- Within The First Few Hours
Water contamination spreads to unaffected areas; stains released from furniture, especially antique, may stain carpet permanently; moisture sensitive surfaces on furniture may turn white; paper goods may be ruined due to moisture absorption and swelling. Acid and oily soot residues coupled with extreme high temperatures, within minutes, may cause discoloration of plastic surfaces; rapidly cooling hot vaporized oils combined with soot residues may form a difficult to remove film on surfaces; due to heat, some surfaces may expand and contract when cooled, entrapping the soot residues.
- Within The First Day
Furniture in direct contact with water begins to delaminate, swell, and legs may begin to split; drywall (sheet-rock) swells and starts to disintegrate (breakdown); bacterial odor may start to become apparent. In the presence of high temperatures, acid and oily soot residues; grout may be stained; plastic and fiberglass bath fixtures may yellow (especially those extending above the heat line) and furniture finishes may discolor.
- Within Three to Five Days
In the presence of moisture, mold and mildew may appear along with a characteristic musty odor; moisture-sensitive internal components in organs and pianos begin to swell; metal surfaces begin to rust and door and window casings may swell, distort or delaminate. In the presence of acid and oily soot residues; painted walls may yellow permanently; metal may corrode and pit; wood furniture may require refinishing; linoleum floors may require replacement; clothing, drapery and upholstery fabrics may become permanently stained.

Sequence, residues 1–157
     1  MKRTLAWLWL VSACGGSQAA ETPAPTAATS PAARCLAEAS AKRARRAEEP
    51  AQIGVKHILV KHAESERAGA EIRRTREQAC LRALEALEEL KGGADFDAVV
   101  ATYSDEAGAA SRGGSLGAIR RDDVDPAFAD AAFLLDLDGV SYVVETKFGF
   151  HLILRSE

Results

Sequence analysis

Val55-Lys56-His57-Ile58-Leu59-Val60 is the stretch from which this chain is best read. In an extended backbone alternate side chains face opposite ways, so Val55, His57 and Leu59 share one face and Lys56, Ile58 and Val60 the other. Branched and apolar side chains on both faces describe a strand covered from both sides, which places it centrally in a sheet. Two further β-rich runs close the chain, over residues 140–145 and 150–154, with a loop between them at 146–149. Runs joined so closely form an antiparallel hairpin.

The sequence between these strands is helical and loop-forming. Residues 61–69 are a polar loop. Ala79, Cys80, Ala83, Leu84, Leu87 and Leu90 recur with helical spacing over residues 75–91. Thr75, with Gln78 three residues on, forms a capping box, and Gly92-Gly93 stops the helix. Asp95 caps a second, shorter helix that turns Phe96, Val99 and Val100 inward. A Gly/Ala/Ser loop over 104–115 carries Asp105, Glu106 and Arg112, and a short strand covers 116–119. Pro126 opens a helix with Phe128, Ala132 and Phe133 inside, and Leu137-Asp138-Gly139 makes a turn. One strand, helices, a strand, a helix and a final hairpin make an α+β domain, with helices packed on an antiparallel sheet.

- Within The First Two Weeks
Mold and mildew, associated with prolonged dampness, sinks roots into organic materials such as jute backings, paper coverings on drywall, paneling, wood, etc.
Acid and oily soot residues may cause carpet fibers, synthetic in particular, to yellow permanently; silver plate is corroded permanently; glass, china and crystal may require replacement due to sever etching and pitting caused by prolonged exposure to the acids. When salvageable smoke damaged finished floor coverings and structural materials are encountered, such as carpeting, fiberglass surfaces, Formica counter tops, etc., they should be cleaned at the beginning and again at the end or the restoration project. The key here is to neutralize the acid soot residue as quickly as possible in order to “mitigate” the loss, protecting the surface from permanent damage. Corrosion control, freeze protection as well as cleaning to prevent stains and/or odors to bond with surfaces, are examples of loss mitigation. Content items, for this same reason, do not have the luxury of waiting until the structural repairs may be determined or commenced.
The ability to effectively restore soot-contaminated surfaces is influenced primarily by:
1. How quickly the restoration process is begun.
2. The location of the heat (soot) line, should one exist.
3. Whether the soot is oily, greasy, baked-on or dry.
4. The amount of moisture present.